February 6, 2010
Beyond Hope and ChangeBy Steve McCann
According to a recent Rasmussen poll (January 24), only 29% of Americans believe the country is on the right track. This loss of confidence is driven not only by the dire prospects of the debt time bomb and the economic and security devastation that would bring, but by the fear of government intrusion into every aspect of daily life.
Trillion-dollar annual deficits, high unemployment rates, a bleak tomorrow for future generations, and unprecedented erosion in the public's trust of the nation's leaders are becoming the legacy of President Obama and his administration.
The Obama presidential campaign ran on and promoted the cynical slogan of "Hope and Change." This catchphrase was designed to appeal to both the basest and most optimistic parts of human instinct: the desire of something for nothing and a guarantee of a prosperous future without pain or strife.
Hope is often defined as a feeling that something desirable is likely to happen. Around that expectation was built a web of deceit made up of promises that could not be fulfilled and of soothing words meaning nothing but spoken in a calm, reassuring manner. The messenger, a cool yet accomplished reader of prepared speeches trading on his ethnicity and demeanor, became the first part of the equation to sell this deception to the electorate.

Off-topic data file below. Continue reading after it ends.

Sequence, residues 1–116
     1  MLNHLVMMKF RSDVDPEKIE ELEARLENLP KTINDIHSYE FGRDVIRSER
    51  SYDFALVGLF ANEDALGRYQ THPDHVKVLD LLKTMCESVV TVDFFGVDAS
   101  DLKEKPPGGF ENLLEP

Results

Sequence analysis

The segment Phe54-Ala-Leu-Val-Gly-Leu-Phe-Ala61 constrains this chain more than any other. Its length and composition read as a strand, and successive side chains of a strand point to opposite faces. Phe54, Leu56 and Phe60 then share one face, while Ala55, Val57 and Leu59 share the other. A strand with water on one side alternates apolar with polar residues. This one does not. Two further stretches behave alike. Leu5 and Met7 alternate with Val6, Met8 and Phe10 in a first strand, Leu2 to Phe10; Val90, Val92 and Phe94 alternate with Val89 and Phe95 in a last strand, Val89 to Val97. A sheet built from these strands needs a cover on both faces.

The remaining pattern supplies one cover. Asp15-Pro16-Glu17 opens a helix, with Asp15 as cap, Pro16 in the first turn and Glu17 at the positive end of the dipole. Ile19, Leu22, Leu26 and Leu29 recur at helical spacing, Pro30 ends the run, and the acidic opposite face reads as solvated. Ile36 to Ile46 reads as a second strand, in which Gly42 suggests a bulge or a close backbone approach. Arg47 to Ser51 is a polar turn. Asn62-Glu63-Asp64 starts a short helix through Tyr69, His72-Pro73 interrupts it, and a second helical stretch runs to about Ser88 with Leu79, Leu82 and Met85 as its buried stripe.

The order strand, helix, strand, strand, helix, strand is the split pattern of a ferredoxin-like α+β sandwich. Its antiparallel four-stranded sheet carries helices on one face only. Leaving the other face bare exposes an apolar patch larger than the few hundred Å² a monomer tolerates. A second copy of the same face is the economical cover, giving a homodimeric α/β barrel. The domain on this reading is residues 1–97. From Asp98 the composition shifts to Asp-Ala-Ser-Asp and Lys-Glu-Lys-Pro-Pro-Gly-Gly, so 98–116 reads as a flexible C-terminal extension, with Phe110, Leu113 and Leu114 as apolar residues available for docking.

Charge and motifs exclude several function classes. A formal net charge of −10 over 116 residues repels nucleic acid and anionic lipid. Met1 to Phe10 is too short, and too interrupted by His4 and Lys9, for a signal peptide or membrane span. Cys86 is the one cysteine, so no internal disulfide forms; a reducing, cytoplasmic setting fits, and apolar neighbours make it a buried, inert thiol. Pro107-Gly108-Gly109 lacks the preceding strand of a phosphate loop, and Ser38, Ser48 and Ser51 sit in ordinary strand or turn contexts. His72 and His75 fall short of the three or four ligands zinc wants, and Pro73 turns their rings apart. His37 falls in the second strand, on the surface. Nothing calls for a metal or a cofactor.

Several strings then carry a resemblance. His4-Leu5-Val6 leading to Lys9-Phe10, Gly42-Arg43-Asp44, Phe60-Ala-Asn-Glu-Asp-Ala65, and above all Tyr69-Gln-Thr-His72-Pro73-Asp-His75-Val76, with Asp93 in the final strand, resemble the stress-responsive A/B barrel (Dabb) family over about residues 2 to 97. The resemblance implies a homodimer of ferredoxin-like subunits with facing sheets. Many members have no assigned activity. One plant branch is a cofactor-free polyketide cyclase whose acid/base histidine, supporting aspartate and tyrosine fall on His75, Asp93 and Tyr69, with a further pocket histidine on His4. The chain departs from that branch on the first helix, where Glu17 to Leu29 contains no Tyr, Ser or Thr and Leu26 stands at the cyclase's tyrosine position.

The balance of the strategy was to utilize the useful idiots at the once mainstream media to continue unabated with the demonization of the Bush Administration. The inability or deliberate abdication on the part of the Bush White House to aggressively counter the lies and innuendos made the task all the easier.
Coupled with the concerted efforts of the Democratic Party operatives and donors, it became an effortless undertaking to portray the United States as a country in disrepair, unfair and uncaring, and in need of an undefined "change."
Change has turned out to be a president and his policies driven by an adamant adherence and unwavering belief in big government/socialist ideology (which the vast majority of Americans oppose). Hope has evolved into a sense of foreboding for the future of the country.
The American people now awaken from decades of indifference; they have begun to cast their eyes toward solutions and the politicians that can provide and execute them. But no real problem-solving is possible unless the people can trust their representatives and have confidence in the future.
If the United States is to reclaim its position as the leading nation in the world, the electorate must be able to have faith in the integrity, honesty, and dedication of the politicians in Washington, D.C. and the various state capitals. The current well-placed cynicism by the electorate, further exacerbated by President Obama and the Congress, toward the government can be overcome only by a new generation of candidates willing to run for office in 2010 and 2012.